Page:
Our first bathroom break came 300 miles in, still shy of Buffalo (the sign said “An All American City”): one of those manufactured rest stops with an, um, Canadian Tim Horton’s. Entering the cavernous bathroom, one of us asked, “We gonna pee next to each other?” and we both made straight for opposite ends of the urinal line. Ten empty toilets between us.
One week before September 11 we met as creative writing students in Columbia University’s MFA program. Over the next decade we became best buds and first readers for just about everything we wrote. A few months back, our first novels hit shelves just weeks apart. Now, both of us staring down the double barrel of middle age — Josh expecting his first baby and Mike returning to real life after a year of backpacking around the globe — we decided to push against the busy lives that put a whole country between us, coming together on a classic adventure: We’re crossing the entire country, reading together in bookstores from Kalamazoo to Laramie, hiking America’s mountains, swimming America’s rivers and getting eaten alive by America’s bedbugs in cheap roadside motels.
We’re doing this because we’re buds and we’re starting new books. We’ve always talked our ideas through with each other; it’s always helped. Through these conversations, we’ve grown as writers together. At Columbia, we did an independent study — just the two of us taught by the brilliant Christine Schutt — that broke open our basic understanding of narrative. Later, over beers, Mike helped Josh figure out how to turn his rough draft into the novel "The Great Glass Sea" became. And Josh read several drafts of "In the Course of Human Events," helping Mike fully realize his main character’s motivations. In Mike’s book, Clyde Twitty, a young Midwestern man, has all but given up hope for the future. Then he meets Jay Smalls, a charismatic and seductive martial artist whose brutal instruction includes a crash course in anti-government extremism. Josh’s book had been missing a vital part of the narrative that would underpin its character arc. After talking with Mike, the story came to the fore: two brothers trying to hold onto their love for each other as the pressures of adult life and contemporary society — an alternate Russia where oligarchs rule and satellites have rid the world of night — threaten to drive them apart.
Now, with those books in stores and the blank page facing us, we wanted to talk fiction for a few thousand miles, to jump-start our ideas one more time. Even though "The Great Glass Sea" and "In the Course of Human Events" are such different novels, we knew they were rooted in shared concerns about the pressures of capitalism, and the power dynamic between men. But maybe that’s just because we’re listening to Andre Dubus III’s "Townie" on the drive. It’s a great book about growing up in a world of brutal poverty and finding a way to fight back and ultimately survive. On a sentence level, one of the most striking successes is the way that Dubus uses the sense of smell to make the story visceral. It’s the sense that writers tend to use least — and a good lesson for us, both visually driven, right at the start of our trip. There’s something about smell that drops you straight into a scene. Sometimes Dubus goes for the most immediate connection — the smell of “wine and piss” — but other scents are so specific that they authenticate the world of the book: the “sweet lead paint” scent on a clapboard house. But maybe we’re just thinking about that because we’ve been in a car together already — and we’re only on day one — for 12 hours, and it’s starting to smell like cold corn on the cob, stale burnt coffee, dusty paper, cherry tomatoes picked by Josh’s mom and last night’s roadside BBQ still under our fingernails.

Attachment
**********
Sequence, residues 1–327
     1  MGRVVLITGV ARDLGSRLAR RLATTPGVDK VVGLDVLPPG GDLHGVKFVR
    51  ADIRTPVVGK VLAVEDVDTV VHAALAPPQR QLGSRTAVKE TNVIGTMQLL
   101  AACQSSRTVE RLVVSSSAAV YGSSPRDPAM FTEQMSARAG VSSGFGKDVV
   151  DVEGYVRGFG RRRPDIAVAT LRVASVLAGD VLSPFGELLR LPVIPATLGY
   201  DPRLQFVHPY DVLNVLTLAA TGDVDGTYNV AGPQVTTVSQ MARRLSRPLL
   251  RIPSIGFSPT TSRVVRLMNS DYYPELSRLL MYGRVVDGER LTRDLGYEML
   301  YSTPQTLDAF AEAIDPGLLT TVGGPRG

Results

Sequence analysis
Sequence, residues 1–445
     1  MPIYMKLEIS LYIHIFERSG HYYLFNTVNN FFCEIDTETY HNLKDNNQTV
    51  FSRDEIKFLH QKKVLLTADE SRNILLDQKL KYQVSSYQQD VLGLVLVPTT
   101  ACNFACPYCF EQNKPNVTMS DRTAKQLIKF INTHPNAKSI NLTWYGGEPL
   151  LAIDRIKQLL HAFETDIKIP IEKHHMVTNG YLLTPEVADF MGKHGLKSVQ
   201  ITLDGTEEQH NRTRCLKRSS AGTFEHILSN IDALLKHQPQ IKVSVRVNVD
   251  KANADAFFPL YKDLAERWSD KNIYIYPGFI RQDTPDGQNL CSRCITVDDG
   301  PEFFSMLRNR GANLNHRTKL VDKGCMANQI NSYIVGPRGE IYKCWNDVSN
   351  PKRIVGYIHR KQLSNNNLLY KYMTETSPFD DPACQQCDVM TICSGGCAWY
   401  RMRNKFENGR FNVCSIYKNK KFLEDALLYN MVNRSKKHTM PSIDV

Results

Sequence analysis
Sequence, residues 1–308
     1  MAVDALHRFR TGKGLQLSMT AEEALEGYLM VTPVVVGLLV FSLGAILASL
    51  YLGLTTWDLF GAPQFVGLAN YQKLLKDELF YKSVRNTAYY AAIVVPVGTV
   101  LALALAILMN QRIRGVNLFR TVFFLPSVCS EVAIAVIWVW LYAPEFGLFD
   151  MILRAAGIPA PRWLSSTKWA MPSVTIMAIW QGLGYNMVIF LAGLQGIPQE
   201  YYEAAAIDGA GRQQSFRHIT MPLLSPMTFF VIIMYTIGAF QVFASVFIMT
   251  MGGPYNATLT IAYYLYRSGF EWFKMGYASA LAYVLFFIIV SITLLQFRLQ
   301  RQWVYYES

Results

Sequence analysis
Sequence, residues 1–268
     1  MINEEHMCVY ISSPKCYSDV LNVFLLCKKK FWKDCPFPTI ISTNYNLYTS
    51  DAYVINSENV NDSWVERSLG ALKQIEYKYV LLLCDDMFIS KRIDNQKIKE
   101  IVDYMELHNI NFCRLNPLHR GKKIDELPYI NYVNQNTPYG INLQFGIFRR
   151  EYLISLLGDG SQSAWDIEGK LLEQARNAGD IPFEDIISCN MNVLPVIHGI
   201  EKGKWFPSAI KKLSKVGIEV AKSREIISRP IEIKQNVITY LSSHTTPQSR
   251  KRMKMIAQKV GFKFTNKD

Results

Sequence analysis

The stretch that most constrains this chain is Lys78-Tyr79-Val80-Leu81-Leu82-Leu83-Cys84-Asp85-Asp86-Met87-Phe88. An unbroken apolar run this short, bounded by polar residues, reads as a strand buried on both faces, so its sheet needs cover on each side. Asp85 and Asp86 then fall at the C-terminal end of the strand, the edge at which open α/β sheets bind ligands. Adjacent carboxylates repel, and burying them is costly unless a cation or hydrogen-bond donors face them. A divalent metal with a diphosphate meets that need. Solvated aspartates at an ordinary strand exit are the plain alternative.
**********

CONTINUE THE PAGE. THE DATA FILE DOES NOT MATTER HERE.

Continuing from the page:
In addition to just wanting to spend a lot of time together, we had some questions we hoped this trip might answer, questions we hope to chew over here, in near-daily posts: What does the Great American Road trip look like in 2014? Is it true that the book tour is as good as dead, a waste of time? Is this about selling books or something less tangible? What will we see as we cut a line through the center of a recession-slammed America? Can we sit in a car together for 13,000 minutes and come out better buddies, or will one of us, probably somewhere in Utah, turn to the other and mutter, “I really really wish I could quit you”?
We don’t have the answers yet, but we do know this: By midnight, outside of Cleveland, when we stumbled into our last bathroom break of the day, we no longer needed a wall of urinals between us; we stood right next to each other, side by side. In the last minutes of our first day, we stared down at matching urinal cakes, both inscribed by the same hand, 8/16. Standing there, the calendar flipped a page to Aug. 21. For being covered with five straight days of male urine, we thought those cakes were in pretty good shape.